Monday, October 8, 2007

Old Technology

In class we were studying the grim poem, "Ballad for Miss Gee," by W.H. Auden, and the poem refers to Miss Gee's bicycle, which is braked by reversing the pedals. Of course I rode such a bicycle when I was a kid, but I assumed that such old technology had long ago gone by the wayside. So I asked my students if they'd heard of such a braking system, and not only had they heard of it, but several had also ridden such bicycles--and recently. I was thrilled that some piece of old technology had persisted, unlike slide-rules and typewriters--not that I miss either of these items. Technology that persists, however incidental it may be, adds continuity to life.

My late friend, colleague, coauthor, and fellow student Wendy Bishop edited several books for Boynton/Cook-Heinemann publishers beginning with The Subject Is. . . . in the title. The Subject Is Writing, The Subject Is Reading, and The Subject Is Story are among them. They collect essays written chiefly by college teachers but pitched to college students; they're nifty, useful little books, eclectic, grounded, and innovative, just like Wendy was.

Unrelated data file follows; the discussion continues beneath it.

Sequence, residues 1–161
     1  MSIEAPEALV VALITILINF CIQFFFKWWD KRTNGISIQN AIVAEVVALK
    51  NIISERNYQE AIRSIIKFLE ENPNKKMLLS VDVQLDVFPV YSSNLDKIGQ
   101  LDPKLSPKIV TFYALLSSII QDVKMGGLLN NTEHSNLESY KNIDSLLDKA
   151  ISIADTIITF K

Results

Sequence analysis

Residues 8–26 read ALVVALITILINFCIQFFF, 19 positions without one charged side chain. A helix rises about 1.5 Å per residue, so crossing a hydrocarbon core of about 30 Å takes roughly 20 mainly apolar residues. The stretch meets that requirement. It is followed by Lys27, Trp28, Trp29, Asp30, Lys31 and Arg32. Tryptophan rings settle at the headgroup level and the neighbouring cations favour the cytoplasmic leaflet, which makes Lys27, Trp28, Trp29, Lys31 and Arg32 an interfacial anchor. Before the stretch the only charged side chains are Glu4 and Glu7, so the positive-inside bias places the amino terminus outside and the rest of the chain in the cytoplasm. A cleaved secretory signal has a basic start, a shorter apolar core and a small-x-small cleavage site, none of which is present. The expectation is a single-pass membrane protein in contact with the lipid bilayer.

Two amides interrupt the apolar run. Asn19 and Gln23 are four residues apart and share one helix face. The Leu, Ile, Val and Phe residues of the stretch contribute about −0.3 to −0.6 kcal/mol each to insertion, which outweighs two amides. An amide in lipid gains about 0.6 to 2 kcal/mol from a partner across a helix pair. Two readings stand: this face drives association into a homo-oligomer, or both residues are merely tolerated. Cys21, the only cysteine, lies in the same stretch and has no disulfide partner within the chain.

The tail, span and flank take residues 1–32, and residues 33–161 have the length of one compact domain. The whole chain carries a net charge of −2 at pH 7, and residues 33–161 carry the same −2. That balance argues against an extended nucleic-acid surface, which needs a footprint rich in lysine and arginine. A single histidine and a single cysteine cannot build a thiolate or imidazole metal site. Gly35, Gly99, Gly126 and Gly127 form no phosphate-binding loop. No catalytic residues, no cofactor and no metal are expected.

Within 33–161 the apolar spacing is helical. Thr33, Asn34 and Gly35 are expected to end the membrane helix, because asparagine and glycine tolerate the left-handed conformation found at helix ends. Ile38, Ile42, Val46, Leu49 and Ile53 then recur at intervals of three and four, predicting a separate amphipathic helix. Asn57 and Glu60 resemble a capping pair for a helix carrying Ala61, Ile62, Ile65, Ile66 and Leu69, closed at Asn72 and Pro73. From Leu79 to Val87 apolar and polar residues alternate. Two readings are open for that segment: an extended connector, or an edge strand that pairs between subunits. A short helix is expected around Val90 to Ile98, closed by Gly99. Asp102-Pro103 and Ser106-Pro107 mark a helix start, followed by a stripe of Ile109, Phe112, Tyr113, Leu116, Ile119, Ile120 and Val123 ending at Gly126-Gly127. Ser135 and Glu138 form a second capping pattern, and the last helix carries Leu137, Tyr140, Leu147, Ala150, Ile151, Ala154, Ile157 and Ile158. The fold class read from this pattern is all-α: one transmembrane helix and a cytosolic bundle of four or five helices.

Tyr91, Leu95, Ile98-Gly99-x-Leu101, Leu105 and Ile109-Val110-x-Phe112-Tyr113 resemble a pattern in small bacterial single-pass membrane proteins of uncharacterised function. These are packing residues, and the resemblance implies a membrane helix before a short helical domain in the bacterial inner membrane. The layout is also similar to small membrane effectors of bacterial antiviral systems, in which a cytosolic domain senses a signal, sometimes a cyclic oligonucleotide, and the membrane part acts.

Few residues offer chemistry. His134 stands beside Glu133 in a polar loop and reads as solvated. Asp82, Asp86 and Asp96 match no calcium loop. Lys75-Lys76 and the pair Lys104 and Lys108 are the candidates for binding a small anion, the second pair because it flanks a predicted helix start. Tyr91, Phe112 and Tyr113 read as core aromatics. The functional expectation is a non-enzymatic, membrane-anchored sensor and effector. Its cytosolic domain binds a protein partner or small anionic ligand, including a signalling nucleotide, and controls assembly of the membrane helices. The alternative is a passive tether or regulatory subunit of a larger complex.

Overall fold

I borrowed the template of her titles for the following poem about a bicycle, if indeed the poem is about a bicycle:

The Subject Is The Bicycle

This is not I repeat not about me.
It is about the bicycle.

I could have been anyone and was.
Only the bicycle could have been and was the bicycle:

bent, oxidized, built for flatness but
mis-fortuned to High Sierra.

One wheel rubbed against a chrome
deco fender: a rhythm of wear,

an indentured, oblong Cole Porter
song, a raw wound on physics’ perfect hide.

The bicycle went on to represent me in Congress.
It praised my auto-didactic schemes,

which were not I repeat not about
me but about just trying to move along,

even if the chain needs oiling, even if a slow leak
betrays the tube, even if the handle-bars slip.

Motion means balance. Stasis falls over.
The subject is riding persistence.

Copyright 2007
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